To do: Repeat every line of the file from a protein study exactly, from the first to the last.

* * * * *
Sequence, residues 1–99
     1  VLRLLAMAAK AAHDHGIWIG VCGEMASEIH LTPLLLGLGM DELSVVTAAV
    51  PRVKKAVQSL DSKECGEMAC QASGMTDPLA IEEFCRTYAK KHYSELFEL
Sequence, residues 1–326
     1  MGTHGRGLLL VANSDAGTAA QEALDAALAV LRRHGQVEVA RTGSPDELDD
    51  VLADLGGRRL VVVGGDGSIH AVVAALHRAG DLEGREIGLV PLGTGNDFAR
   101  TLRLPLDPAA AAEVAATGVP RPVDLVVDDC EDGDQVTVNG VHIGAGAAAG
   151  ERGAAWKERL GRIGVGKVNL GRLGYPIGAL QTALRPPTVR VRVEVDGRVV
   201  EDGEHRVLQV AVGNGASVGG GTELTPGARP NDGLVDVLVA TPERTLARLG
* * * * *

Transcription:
Sequence, residues 1–99
     1  VLRLLAMAAK AAHDHGIWIG VCGEMASEIH LTPLLLGLGM DELSVVTAAV
    51  PRVKKAVQSL DSKECGEMAC QASGMTDPLA IEEFCRTYAK KHYSELFEL
Sequence, residues 1–326
     1  MGTHGRGLLL VANSDAGTAA QEALDAALAV LRRHGQVEVA RTGSPDELDD
    51  VLADLGGRRL VVVGGDGSIH AVVAALHRAG DLEGREIGLV PLGTGNDFAR
   101  TLRLPLDPAA AAEVAATGVP RPVDLVVDDC EDGDQVTVNG VHIGAGAAAG
   151  ERGAAWKERL GRIGVGKVNL GRLGYPIGAL QTALRPPTVR VRVEVDGRVV
   201  EDGEHRVLQV AVGNGASVGG GTELTPGARP NDGLVDVLVA TPERTLARLG